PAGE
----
Rank-and-file Diamond employees already knew who he was, of course, because during his reign as CEO Cloobeck made himself a ubiquitous presence at Diamond resorts.  According to staff, he had a habit of popping in, unannounced, at various resorts to see what employees were doing.  For several years, he and his marketing team also liked to feature videos of Cloobeck, talking about how wonderful “the Meaning of Yes” was to Diamond owners, on continuous-loop, large-screen TVs mounted on the lobby walls at Diamond resorts.   At check in, you could not escape him.  In the TV video, he looked every part the timeshare salesman that he is: expensive coat, pressed jeans, white open collar shirt, gold chains, big watch, vivid tan, brilliant white teeth, perfect pompadour, all topped by a tone of self-satisfaction as Cloobeck held forth from a spectacular beach resort (fancier than anything Diamond owns, FYI).  Those videos disappeared, overnight, when Cloobeck was replaced as CEO by Palmer, his longtime executive running mate at Diamond resorts.

From a branding standpoint, the marketing video wasn’t a bad idea. But just like the Undercover Boss episodes, the video seemed to reveal more about Cloobeck than the average timeshare guest might want to know about him (which is, that he’s proud of being rich and happy to share his wonderful life with mere humble timeshare owners).  As one might imagine, Diamond’s front-desk people purportedly hated the video, because they could not get away from it.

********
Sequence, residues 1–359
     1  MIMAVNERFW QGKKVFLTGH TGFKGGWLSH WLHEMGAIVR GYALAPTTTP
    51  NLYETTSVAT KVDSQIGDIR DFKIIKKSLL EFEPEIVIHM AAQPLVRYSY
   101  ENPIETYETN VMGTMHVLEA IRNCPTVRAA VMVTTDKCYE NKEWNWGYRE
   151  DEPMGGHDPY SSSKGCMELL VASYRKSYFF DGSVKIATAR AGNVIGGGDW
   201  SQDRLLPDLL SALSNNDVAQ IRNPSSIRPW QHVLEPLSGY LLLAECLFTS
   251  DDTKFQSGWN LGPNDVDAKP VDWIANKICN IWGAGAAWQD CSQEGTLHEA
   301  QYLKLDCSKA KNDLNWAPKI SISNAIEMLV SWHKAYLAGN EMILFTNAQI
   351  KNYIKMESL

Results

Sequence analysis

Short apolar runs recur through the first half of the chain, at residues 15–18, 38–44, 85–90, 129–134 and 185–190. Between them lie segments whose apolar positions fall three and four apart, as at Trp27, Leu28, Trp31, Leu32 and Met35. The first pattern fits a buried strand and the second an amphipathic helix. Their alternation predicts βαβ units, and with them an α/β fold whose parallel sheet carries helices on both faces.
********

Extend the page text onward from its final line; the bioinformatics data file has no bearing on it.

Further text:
The last time I stayed at a Diamond resort, I asked the front desk folks, “where’s the Cloobeck video.”  They laughed out loud, then confessed, “locked in the general manager’s safe.” Never to air again.

In a semi-recent YouTube interview about his Undercover Boss appearances, Cloobeck told an interviewer that he initially balked at doing the show “because I was afraid of tarnishing the brand.”  Still, he was obviously proud of the whole adventure.  Later, when asked about Diamond’s philanthropic programs for charitable causes, Cloobeck beamed, “I’ve always been a great philanthropist.”

After the second Undercover Boss episode aired, Cloobeck decided to put his money where his mouth was.  “I wanted to do something special for our team worldwide.  I donated $1 million, matched by the company, for a $2 million fund for team members that need help,” Cloobeck told the interviewer.

Diamond timeshare owners should like that bit of philanthropy, since they paid for it with their purchases, mortgages and maintenance fees.

I only met Cloobeck once, but it was a total goof and probably did not even register with him.  I was attending an industry conference in Las Vegas, hanging outside the media room while CEOs attended a private session next door to talk about high-level (i.e., secret) timeshare issues.  Suddenly, there was a flurry of movement.  It was the unmistakable Stephen Cloobeck, larger than life, decked out in golf shirt and shorts, swaggering through the lobby with a cigar in hand and accompanied by a big, beefy, bald-headed bodyguard (a very big version of Kojak, for those who remember Telly Savalas) who cut a swath for Cloobeck through the curious folks in the lobby.  Compared to the other CEOs who were dressed like bankers, it was a classic Cloobeck entrance.  Arrive late, act like you just left the golf course (which he had), then leave early.  I tried to introduce myself to Cloobeck, without slowing him down, but desisted when the bodyguard started twitching at me while his gold earring bobbed like a fish hook.  The pockets of his business suit bulged, too.  Regardless, it was a great moment: short, sweet, unforgettable Cloobeck.